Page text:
Saturday, December 17, 2005


I finished a poem yesterday, and it felt good, different. It's the first poem I've finished in a few months. I'm a slow writer, slow to hold onto an idea, slow to let go.

It came from two assignments: one from friends that I will keep private, and one from my teacher, which was write a poem in the form of a list. It was shorter but felt complete, whole, like a dried flower--pretty to look at, but biting if you crept closer and touched, strung with nettles.

One of the things I envy about art, or more specifically, crafts, is the tactile nature, how artists can get on a streak, how they can make a series of related things: re-colored flags, or tables from wine casks (I want one of those, by the way).

I'm not sure what my token would be. Most of my poems are sharp, dealing with bad love, bodily violence. I would like to be more subtle, like this new poem, like those ginger candies I love so much, warm from my pocket, wasabi, a smooth poison.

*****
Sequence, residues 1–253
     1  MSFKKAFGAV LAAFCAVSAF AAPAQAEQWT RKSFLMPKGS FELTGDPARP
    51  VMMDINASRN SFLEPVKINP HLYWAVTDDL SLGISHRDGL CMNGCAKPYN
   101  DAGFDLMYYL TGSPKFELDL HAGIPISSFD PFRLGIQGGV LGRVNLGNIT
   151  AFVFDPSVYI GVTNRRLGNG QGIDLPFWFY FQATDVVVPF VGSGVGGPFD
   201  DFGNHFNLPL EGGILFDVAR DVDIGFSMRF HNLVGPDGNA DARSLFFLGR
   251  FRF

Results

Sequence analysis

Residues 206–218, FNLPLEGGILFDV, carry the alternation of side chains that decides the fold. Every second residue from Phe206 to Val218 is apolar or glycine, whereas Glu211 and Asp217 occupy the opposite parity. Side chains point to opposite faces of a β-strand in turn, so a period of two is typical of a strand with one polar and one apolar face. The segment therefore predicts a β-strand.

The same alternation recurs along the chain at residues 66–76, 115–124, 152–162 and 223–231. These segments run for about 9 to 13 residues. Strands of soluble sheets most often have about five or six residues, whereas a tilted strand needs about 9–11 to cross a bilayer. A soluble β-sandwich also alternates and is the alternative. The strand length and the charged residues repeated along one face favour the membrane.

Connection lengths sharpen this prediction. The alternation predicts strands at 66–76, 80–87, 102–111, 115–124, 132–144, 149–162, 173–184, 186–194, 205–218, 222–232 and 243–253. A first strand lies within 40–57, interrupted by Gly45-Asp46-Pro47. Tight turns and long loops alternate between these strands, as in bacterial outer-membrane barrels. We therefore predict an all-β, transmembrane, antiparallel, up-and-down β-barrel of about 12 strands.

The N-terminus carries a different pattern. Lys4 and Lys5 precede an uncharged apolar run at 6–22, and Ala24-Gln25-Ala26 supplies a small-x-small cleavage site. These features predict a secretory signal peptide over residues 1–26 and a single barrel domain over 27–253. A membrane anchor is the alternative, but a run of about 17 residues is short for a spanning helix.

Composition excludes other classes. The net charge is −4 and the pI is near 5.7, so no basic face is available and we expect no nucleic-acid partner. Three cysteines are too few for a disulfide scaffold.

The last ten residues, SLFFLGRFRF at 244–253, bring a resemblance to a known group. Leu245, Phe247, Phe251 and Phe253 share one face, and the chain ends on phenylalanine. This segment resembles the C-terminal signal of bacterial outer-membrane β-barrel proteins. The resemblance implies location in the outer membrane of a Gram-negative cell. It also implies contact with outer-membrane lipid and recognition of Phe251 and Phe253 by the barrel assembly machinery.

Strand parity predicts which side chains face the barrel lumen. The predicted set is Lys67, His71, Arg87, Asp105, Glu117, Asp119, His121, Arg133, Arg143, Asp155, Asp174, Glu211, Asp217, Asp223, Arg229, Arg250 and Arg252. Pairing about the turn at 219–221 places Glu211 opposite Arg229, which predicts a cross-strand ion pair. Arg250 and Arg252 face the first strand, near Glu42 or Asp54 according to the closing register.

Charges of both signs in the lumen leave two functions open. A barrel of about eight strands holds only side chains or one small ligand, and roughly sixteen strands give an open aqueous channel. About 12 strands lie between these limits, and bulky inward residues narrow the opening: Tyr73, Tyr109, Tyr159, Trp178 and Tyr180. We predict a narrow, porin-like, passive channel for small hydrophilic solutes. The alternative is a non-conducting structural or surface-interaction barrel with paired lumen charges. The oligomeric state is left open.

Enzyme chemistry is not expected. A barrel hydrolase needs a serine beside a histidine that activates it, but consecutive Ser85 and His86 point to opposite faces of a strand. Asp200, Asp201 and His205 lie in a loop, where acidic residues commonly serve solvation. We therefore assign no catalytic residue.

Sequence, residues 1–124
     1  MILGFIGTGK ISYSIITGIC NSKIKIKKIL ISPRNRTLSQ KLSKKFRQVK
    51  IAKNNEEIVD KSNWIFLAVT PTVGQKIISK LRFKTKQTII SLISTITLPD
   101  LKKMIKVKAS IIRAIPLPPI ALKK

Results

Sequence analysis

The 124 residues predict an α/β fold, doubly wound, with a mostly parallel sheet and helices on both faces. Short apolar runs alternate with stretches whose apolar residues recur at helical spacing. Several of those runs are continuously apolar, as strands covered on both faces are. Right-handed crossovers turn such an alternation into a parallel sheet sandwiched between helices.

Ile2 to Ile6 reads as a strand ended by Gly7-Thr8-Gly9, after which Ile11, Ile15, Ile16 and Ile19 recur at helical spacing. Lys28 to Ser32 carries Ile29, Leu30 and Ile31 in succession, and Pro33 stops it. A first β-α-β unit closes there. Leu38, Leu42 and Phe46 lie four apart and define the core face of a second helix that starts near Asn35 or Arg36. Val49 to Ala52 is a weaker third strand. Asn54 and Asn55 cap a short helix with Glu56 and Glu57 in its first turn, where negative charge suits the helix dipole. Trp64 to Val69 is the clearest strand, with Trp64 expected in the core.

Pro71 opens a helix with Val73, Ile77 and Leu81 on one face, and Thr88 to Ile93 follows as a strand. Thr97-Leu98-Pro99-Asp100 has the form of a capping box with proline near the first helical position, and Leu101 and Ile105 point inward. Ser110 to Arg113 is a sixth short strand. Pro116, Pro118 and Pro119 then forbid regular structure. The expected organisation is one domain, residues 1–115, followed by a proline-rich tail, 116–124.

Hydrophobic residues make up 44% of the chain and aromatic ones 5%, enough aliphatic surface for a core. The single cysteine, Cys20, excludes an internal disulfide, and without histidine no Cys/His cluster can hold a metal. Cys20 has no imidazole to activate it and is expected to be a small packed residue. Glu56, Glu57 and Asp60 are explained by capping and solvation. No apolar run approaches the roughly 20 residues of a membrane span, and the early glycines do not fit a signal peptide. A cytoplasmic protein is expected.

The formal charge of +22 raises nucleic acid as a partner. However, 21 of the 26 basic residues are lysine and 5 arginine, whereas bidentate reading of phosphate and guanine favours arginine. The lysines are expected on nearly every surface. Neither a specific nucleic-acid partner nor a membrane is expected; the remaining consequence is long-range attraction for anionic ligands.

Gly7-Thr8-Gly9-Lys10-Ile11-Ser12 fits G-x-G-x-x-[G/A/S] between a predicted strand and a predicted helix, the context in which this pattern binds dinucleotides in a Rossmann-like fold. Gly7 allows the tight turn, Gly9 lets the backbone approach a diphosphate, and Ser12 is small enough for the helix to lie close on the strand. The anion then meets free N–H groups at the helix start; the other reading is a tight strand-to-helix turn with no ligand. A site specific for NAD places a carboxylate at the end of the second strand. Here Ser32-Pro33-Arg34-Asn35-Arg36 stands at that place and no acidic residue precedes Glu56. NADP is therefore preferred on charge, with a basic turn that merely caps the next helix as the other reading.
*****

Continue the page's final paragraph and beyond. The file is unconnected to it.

Here I am in the unheated house in a man's flannel shirt and my old tight jeans. My two manuscripts feel messy and ignored. I need to stitch them together.

Only the pure in heart can make a good soup.--Beethoven.

I read this quote recently and it comforts me. Roast is daunting, lamb chops, turkey, but I can bake a good pie. And I can make the best soup you have ever had.

I wanted to be the woman that came up with pure perfection, a crystal drop, a stone heart, a pendant, a soul.

Instead, it seems, I have a handful; I'm not really sure what I have here in my pockets: acorns and ginger and thread and a needle, what I will do. I can't wait to be older and look back and think, these were my titles: Lot of my Sister, and ?, and ?, and ?, and ?.

There is my life's work. There is it. I cannot wait to do it.